Less than a hundred miles from the rim of the Hoover Dam, just outside of Las Vegas at the edge of dusty San Bernardino County, sits a symbol of how the sun will some day provide copious amounts of electricity for entire cities. This is Ivanpah, the world’s largest operating solar farm, which uses 347,000 mirrors (173,500 heliostats) and three huge 450-foot towers to harness the sun’s heat to generate electricity.
As of the beginning of this year, it’s a mere symbol no longer. After more than seven years of development, over three years of construction, 2,700 workers, and $1.6 billion in U.S. government loan money, the massive solar farm is finally live and sending enough solar power into the grid to power 140,000 (average American) homes. Ivanpah was officially launched on Thursday with an event that featured U.S. Secretary of Energy Ernie Moniz, David Crane, the CEO of Ivanpah’s majority owner power company NRG Energy, and members of the band The Fray, which filmed a video at Ivanpah and titled their latest album Helios. Oh, and of course, a lot of media people, too.
To the workers, the companies (including Google and startup BrightSource) and the federal and state groups involved in supporting the 5-mile by one-mile long colossal clean power project, Ivanpah is the Hoover Dam for this generation. In fact, Bechtel, which helped build the Hoover Dam in the 1930s, also led the construction of Ivanpah.
More than anything, the facility marks a future of emerging clean power options that can begin to compete with large scale fossil fuel power, but without the associated carbon emissions. Ivanpah is an early example of how next-generation technology, innovation, entrepreneurialism and government support can come together to provide solutions to climate change in a substantial way.
In the beginning
Ivanpah originally began as an idea for the first commercial-scale project from a tiny startup based in Oakland, Calif., and Israel called BrightSource Energy. Founded in 2004 by the original developers of the Luz solar projects, which were built in the Mojave desert in the 1980s and 1990s (the company later went bankrupt), BrightSource emerged as one of the more promising startups out of the Silicon Valley cleantech bubble.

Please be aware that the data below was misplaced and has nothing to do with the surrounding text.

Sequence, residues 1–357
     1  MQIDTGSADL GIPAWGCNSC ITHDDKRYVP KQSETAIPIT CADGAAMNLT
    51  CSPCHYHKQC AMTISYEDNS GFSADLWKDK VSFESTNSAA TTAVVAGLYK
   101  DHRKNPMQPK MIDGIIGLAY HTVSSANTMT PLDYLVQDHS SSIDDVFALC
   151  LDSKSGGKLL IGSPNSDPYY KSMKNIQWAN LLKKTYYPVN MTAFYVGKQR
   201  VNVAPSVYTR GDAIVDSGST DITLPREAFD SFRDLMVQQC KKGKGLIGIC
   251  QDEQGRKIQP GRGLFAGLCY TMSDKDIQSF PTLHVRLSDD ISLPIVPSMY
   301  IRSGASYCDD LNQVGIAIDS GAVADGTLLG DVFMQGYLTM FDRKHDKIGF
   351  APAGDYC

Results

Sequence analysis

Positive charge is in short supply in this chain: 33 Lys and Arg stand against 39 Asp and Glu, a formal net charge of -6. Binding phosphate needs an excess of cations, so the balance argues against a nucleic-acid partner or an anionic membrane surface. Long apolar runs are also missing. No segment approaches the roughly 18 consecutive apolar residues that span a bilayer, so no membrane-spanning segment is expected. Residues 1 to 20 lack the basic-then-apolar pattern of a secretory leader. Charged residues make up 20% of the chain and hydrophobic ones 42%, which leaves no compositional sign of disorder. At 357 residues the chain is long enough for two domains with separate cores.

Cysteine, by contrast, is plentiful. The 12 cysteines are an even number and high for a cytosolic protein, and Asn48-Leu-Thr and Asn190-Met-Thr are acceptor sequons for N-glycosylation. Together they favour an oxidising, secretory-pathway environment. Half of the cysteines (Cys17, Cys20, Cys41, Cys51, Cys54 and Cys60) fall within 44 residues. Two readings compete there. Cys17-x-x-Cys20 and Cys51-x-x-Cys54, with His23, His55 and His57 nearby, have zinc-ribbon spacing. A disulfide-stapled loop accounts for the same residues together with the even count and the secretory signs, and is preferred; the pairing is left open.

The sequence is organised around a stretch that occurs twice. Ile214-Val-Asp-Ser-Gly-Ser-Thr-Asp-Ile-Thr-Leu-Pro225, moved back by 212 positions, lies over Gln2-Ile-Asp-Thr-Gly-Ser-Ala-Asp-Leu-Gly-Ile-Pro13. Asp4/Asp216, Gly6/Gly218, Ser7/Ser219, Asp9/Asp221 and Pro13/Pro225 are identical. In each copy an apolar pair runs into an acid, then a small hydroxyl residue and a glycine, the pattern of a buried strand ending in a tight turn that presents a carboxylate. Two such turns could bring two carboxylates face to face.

BrightSource was funded early on by the Valley’s VantagePoint Capital Partners, and one of VantagePoint’s team, John Woolard, joined BrightSource as the original CEO. Woolard spent years pushing BrightSource’s technology forward and wading through the regulatory process needed to get projects like Ivanpah (built on public land) permitted. He’s still the chairman, though he handed the CEO reigns to David Ramm in late 2013.
Ivanpah took years longer to get built than expected. It was one of the first projects to be developed on controversial Bureau of Land Management land, and the location ended up having more desert tortoises than originally thought. It’s been an object of much environmental scrutiny and at one point the site employed 160 biologists to try to make sure the handful of tortoises that live there weren’t disturbed.
BrightSource also ended up needing a lot of capital to get both its early demo plants and Ivanpah up and running. BrightSource raised hundreds of millions of dollars from investors included DBL Investors, Morgan Stanley, Draper Fisher Jurvetson, BP, Chevron, Alstom, Black River, and Statoil HydroVentures. BrightSource put up the first money into Ivanpah, but turned to partners to put up the rest.
As BrightSource made more progress with smaller demo solar plants like its one in partnership with Chevron in Coalinga, Calif., the company was able to secure some larger investors and partners behind Ivanpah. Bechtel came on to support Ivanpah in 2009 (as both an equity investor and builder), and NRG Energy took a majority share of the project with a $300 million investment in 2010.
Google even put in $168 million in 2011. Google is interested both in the financial return that a 25-year power contract can deliver, and also that it’s interested in backing clean power for its data centers both directly and indirectly.
Then of course, utilities PG&E and SCE have stepped in to become the customers for Ivanpah as they looked to meet aggressive state mandates that say utilities need to provide a certain amount of their electricity from clean sources. Without these California state mandates there would be no Ivanpah.
Finally there was the federal government and the Obama administration’s plan to use loan guarantees as a way to stimulate large job-creating projects. While the loan guarantee program was controversial because it gave money to companies like Solyndra and Fisker, it also gave $1.6 billion to Ivanpah. NRG Energy’s CEO David Crane said on Thursday that the project “unequivocally and without doubt” would not have been built without that loan.